An asbestos scare has forced the indefinite closure of a Huntington Beach grade school and an examination of every campus in the district, leaving parents frustrated and some unsure where their children will go to school.
School officials estimated that Lake View Elementary will be closed five to 10 weeks as asbestos is removed from classrooms.
The campus is one of three schools in the Ocean View School District that had been closed this week because of asbestos concerns. District Supt. Gustavo Balderas' decision to close Lake View indefinitely comes on the heels of test results that showed widespread asbestos in several classrooms.
Parents of Lake View students said they are waiting for the district to come up with an alternate school site for their children.
"The district is currently drafting its plan going forward," Ocean View spokesman Bruce Auld wrote in an email Thursday. He said it would likely be posted on the district's website and Facebook account sometime late Friday.
The district declined to state how many Lake View classrooms have been affected by the asbestos, but officials said they would notify teachers.
Lake View Elementary has a large number of English as a Second Language students and low-income families, many of whom receive free or reduced-price meals at school, according to data collected by the California Department of Education.
District trustees voted during a special meeting Tuesday night to close Lake View, Hope View and Oak View elementary schools for the week, while classrooms could be cleaned and tested to make sure they were free of potentially carcinogenic asbestos dust. Only Lake View has been indefinitely closed.
Ocean View officials have said they were aware that asbestos has been in their schools for decades. However, parents became upset when they learned the district may have been removing the material as part of a large-scale modernization project while students were present.
Parent Michelle Morales has kept her two children home from school since news of the asbestos issue broke last week.
"I'm not against modernization," she said. "I'm against the way it was handled. The district isn't giving us a whole lot of answers."
In response to mounting concerns from parents, the district hired Sierra Environmental Consulting to test the air and surfaces at Oak View, Lake View and Hope View for asbestos last weekend.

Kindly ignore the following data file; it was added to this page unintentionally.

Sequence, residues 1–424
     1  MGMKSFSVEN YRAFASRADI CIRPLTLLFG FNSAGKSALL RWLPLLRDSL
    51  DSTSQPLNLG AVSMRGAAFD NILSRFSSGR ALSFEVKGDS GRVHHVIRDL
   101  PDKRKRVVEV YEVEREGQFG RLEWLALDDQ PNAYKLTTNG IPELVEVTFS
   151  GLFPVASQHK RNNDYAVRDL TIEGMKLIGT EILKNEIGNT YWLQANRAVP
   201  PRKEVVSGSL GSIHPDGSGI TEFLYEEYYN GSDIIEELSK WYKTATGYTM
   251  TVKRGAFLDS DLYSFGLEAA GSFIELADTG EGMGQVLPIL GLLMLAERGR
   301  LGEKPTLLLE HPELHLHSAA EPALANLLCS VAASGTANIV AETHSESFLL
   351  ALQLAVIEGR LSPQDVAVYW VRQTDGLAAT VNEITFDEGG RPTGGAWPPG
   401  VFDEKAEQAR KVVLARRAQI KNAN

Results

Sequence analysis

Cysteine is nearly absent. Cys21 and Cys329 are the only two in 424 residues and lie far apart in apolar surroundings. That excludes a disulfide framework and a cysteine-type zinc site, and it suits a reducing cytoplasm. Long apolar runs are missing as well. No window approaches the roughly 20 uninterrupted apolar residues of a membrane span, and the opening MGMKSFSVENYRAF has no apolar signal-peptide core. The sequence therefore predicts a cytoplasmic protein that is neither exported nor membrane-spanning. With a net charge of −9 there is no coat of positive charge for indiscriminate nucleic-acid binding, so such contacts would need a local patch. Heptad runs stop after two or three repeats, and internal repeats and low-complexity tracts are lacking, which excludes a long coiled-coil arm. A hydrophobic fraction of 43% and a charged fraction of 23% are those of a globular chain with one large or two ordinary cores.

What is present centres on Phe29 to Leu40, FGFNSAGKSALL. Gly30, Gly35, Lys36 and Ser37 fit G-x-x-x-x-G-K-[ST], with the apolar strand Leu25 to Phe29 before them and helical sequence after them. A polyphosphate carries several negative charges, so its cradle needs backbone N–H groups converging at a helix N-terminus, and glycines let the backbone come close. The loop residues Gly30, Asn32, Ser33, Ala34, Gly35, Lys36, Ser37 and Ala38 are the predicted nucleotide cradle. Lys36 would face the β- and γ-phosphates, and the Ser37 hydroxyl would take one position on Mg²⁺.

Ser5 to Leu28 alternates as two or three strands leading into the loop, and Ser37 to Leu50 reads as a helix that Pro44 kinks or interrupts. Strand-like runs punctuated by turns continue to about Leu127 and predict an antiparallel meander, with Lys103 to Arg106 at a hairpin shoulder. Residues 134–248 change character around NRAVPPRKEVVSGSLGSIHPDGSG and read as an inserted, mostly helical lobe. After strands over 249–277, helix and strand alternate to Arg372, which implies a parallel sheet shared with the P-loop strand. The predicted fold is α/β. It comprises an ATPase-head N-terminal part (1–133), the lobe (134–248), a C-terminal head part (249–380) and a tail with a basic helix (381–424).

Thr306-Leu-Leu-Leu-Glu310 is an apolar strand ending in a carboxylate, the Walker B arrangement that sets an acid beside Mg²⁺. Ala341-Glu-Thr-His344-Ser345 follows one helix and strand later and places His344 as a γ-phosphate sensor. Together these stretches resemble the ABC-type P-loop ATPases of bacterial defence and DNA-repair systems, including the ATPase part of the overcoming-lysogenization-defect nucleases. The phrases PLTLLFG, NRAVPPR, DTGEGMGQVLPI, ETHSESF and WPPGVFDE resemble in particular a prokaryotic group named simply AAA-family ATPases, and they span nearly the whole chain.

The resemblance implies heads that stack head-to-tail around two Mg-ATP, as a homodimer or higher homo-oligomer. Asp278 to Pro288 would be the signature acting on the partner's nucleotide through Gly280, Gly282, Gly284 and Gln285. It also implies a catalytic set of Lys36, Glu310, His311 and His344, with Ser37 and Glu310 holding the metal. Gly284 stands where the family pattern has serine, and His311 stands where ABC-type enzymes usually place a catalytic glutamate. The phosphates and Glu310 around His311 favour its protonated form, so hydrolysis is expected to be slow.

Of the 56 wipe samples collected at Hope View, one sample taken in Classroom 6 contained a single asbestos fiber. It was collected under a tile that appeared to have been drilled into in order to run television wires into the classroom, said Cary Ruben, a certified industrial hygienist.
Test results from Oak View came back inconclusive, officials said.
The district said it will test for asbestos during the next several weeks at all 11 schools in the district where construction has taken place.
Asbestos is a mineral fiber that until the 1970s was widely used in building products and insulation materials. The fibers can be released into the air during demolition work, repairs and remodeling, according to the U.S. Consumer Product Safety Commission.
When Lake View, Oak View and Hope View schools were built decades ago, asbestos was used as fireproofing on metal beams above the ceiling. Over time, the dust began to fall from the beams and settle on top of classroom ceiling tiles, district records show.
Though coming into contact with asbestos that hasn't been disturbed isn't harmful, it becomes a hazard when the dust becomes airborne, said Steven Viani, a registered civil engineer and engineering contractor with experience in asbestos and other hazardous materials.
"The classical theory is pretty much that a single asbestos fiber is enough to cause harm," Viani said. "There's really no safe level of exposure."
Teachers have expressed concern that they weren't notified about the asbestos above the tiles and said the district should have placed signs restricting access to limit the risk of the dust becoming airborne.